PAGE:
This large sample of galena or lead sulphide almost certainly comes from the last successful reworking of the Combe Martin lead mines in 1848. Combe Martin lead ore has a high silver content, containing up to 168 ounces of silver per ton.
Mining at Combe Martin may have started in Roman times, or even in the Bronze Age (3,000 – 5,000 years ago). We know that by 1293, the Treasury received 270lb of silver from the Combe Martin mines, which were under Royal control. The periods of activity were often short-lived, starting again each time the Crown needed to mint extra money. It is said that the battles of Poitiers in 1356, Crecy in 1415 and even Agincourt were won in the shafts of Combe Martin. In the 1640s Charles I clothed his civil war army with funds from the ‘Royal mines’ of Combe Martin.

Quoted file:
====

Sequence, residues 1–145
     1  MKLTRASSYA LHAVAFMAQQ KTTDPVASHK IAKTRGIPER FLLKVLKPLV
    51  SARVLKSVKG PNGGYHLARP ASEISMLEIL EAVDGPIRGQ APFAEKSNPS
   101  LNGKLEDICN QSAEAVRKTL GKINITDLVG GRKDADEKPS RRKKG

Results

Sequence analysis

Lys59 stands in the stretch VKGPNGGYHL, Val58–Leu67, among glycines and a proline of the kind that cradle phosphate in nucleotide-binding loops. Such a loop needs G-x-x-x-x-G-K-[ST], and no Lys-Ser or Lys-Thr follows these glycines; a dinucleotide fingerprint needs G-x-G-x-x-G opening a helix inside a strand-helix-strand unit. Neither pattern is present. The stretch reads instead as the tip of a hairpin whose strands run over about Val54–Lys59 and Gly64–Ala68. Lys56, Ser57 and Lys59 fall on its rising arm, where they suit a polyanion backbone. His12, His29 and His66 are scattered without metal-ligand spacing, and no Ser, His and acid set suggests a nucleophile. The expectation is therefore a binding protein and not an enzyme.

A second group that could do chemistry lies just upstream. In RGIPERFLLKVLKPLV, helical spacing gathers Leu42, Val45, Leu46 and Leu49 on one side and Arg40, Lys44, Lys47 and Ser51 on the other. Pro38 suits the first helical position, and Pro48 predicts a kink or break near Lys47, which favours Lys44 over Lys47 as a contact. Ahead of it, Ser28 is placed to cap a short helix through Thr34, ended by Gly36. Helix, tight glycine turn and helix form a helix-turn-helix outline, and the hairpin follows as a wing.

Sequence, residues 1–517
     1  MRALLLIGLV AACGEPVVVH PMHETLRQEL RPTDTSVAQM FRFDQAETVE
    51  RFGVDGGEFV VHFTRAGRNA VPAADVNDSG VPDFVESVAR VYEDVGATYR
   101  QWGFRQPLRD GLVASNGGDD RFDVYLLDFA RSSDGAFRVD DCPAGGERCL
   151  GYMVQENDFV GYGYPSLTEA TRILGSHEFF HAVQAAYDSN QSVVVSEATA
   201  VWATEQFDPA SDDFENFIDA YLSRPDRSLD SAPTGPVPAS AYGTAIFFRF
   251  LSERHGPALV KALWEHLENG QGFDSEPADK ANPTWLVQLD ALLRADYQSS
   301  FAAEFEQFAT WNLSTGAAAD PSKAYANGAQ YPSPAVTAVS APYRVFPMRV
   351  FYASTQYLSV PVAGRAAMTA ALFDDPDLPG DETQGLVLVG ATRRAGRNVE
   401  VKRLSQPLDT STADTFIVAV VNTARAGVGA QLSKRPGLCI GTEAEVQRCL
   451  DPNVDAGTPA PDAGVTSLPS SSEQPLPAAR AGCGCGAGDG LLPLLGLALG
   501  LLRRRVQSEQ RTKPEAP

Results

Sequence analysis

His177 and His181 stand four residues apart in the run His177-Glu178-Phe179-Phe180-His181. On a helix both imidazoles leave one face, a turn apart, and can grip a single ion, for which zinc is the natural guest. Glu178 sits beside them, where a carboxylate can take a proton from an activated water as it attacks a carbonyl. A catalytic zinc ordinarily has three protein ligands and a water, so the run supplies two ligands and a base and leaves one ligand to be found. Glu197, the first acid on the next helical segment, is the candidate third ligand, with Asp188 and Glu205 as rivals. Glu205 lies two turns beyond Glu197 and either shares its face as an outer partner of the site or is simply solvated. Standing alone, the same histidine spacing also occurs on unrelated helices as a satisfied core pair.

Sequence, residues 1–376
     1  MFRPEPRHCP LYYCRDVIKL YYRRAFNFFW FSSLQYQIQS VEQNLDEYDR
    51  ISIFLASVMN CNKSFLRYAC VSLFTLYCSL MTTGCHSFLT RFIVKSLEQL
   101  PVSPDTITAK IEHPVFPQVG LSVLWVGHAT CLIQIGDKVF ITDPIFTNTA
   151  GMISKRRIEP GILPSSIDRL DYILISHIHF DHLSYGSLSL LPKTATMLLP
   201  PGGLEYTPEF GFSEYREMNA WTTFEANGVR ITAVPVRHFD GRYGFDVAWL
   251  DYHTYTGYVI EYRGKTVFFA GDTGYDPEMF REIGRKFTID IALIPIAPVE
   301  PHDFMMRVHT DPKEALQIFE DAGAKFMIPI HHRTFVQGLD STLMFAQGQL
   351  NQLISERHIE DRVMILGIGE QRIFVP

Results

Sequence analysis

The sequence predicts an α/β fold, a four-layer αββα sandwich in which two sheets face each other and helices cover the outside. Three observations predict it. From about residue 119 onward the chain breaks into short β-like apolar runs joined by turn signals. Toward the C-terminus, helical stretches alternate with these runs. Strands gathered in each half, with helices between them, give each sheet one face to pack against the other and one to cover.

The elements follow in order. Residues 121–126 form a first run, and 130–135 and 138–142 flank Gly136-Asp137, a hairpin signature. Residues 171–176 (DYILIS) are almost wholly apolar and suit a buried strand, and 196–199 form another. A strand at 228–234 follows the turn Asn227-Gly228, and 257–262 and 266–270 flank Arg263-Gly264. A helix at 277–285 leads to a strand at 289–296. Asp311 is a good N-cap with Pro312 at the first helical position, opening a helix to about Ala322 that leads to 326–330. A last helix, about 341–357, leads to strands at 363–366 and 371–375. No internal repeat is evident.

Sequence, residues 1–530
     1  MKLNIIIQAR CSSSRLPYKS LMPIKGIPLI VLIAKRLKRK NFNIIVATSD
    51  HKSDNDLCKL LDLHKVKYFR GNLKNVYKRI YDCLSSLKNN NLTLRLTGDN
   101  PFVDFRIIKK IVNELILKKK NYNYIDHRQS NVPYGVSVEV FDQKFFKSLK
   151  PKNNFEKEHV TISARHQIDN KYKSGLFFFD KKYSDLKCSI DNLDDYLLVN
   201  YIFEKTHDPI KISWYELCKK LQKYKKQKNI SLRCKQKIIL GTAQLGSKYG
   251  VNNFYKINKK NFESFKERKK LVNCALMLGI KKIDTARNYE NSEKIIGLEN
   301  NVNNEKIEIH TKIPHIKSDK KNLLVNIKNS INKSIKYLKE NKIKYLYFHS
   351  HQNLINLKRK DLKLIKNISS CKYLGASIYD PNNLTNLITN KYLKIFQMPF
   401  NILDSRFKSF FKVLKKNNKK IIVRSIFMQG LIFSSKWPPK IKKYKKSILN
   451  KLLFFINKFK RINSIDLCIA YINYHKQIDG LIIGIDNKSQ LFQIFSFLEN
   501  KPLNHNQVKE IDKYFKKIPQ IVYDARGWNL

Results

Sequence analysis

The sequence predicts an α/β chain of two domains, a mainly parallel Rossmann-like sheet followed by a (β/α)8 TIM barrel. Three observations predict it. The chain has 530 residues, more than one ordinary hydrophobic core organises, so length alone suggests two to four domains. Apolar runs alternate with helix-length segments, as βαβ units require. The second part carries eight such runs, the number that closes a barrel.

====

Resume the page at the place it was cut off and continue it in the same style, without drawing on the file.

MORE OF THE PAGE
During the reign of Queen Elizabeth I, at least two silver presentation cups were made from Combe Martin silver. Both were inscribed with verses describing mining at Combe Martin. One, dated 1593 and weighing 137 ounces, was presented to Sir Richard Martin, then Lord Mayor of London.
The mines of Combe Martin have been worked and abandoned on numerous occasions over the centuries, by different companies, all trying out the newest technology of the time, from opencast pits to steam power. Since the last unsuccessful attempts of 1875, some remains have been lost but interest still continues, led by the Combe Martin Silver Mine Research and Preservation Society.